CBS Sports and Turner Sports scored last night. Their first-round coverage of the 2013 NCAA men’s basketball tournament on CBS, TBS, TNT and truTV averaged an overnight household rating/share of 5.8/14. That’s the highest first Thursday ratings of the tournament since 1991. It is also up 4% compared with the 5.6/13 that the tournament received on the comparable night of March 15th last year. This is the third year CBS and Turner are showing all 67 March Madness games across four networks. The first primetime slot (7-10:15 PM), which saw South Dakota State vs. Michigan on CBS, averaged a 7.4/14 to register the highest rating ever for the time slot and was up 9% over the 6.8/13 the first primetime game of the night got in 2012. The second primetime slot of the night (9:30 PM – 12:45 AM) averaged a 6.4/11, down from the 6.8/12 of 2012, but featured two blowouts: Virginia Commonwealth thrashing Akron by 46 points on CBS and Syracuse slamming Montana by 47 on TNT. So far, this year’s March Madness, which began Tuesday with the NCAA First Four, is averaging a 5.2/12, up 2% compared with a 5.1/12 at the same time last year.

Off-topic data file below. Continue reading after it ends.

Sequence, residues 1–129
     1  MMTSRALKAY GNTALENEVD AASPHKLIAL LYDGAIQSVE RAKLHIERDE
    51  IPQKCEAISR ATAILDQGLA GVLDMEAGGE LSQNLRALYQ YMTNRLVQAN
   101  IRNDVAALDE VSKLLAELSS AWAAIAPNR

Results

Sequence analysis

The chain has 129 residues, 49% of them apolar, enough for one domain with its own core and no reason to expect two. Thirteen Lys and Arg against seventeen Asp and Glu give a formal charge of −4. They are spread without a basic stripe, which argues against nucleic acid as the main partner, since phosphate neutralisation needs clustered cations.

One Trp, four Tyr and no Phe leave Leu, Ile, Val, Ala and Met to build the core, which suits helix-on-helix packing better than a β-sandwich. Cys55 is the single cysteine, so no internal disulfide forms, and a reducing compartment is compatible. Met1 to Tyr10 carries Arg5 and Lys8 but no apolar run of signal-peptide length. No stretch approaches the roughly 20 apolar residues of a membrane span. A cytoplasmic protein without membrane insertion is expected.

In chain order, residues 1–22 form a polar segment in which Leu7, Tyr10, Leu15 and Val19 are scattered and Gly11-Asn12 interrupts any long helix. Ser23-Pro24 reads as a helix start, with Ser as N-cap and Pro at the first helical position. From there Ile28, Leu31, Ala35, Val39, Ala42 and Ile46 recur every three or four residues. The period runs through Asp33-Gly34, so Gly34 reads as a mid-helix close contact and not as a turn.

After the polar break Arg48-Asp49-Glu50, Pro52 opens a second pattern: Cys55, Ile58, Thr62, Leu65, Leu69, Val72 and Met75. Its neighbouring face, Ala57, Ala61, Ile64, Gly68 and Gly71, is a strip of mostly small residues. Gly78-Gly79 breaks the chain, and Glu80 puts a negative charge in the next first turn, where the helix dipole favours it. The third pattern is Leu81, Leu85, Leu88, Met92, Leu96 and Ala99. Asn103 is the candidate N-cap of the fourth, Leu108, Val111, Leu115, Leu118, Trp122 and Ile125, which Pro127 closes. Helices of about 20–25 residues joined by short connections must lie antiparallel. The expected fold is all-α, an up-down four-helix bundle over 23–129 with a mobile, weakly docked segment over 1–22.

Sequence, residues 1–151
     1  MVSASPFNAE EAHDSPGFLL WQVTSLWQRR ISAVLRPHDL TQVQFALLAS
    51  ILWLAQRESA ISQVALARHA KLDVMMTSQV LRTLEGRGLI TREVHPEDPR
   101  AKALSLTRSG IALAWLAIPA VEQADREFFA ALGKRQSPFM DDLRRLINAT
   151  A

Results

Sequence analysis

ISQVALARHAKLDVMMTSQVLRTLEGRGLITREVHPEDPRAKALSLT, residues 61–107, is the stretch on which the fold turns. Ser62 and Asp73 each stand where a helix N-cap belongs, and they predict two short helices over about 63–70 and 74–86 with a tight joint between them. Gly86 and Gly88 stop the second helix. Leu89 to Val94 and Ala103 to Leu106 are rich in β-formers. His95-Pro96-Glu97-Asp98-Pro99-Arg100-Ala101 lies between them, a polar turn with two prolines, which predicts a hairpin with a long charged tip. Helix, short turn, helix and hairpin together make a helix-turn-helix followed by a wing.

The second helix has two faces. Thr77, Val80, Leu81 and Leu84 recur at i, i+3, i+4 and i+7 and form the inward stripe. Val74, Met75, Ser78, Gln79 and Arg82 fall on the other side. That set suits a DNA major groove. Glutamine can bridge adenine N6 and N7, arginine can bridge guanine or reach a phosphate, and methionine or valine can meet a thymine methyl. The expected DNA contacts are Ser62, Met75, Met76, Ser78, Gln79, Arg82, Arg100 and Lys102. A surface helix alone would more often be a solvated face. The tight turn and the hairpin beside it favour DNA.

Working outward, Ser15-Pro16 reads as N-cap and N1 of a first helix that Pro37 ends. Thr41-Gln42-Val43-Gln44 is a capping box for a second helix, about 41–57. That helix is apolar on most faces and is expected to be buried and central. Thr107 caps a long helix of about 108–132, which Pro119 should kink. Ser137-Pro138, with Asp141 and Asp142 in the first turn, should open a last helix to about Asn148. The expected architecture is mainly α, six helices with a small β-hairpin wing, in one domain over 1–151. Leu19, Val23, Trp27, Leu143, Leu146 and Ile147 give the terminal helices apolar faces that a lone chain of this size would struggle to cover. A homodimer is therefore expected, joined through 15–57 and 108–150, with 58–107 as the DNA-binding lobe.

This year’s March Madness will have a lot more eyeballs in play. Millions more, according to CBS Sports and Turner Sports execs who boast that the NCAA College Basketball Championships will be available to more viewers on more devices plus a larger TV Everywhere Universe, Multichannel.com reports. CBS and Turner also are confident that consumers’ increased familiarity with authentication process will expand the overall audience for the tourney. NCAA March Madness gets underway Tuesday following today’s announcement of the 68-team field on CBS’ NCAA Baskeball Championship Selection Show. The Turner-produced NCAA March Madness live will offer free streaming of the 67 games comprising the 2013 NCAA Division I Men’s Basketball Championship tournament across scads of online, mobile and tablet devices to pay TV subscribers. With social and interactive components, it will launch from ncaa.com/marchmadness, CBSSports.com and www.bleacherreport.com, along with Google Play and Apple’s App Store. The games beging with TruTV’s coverage of the First Four on March 19 and 20 and concludes with the national championship game in Atlanta’s Georgia Dome on April 8.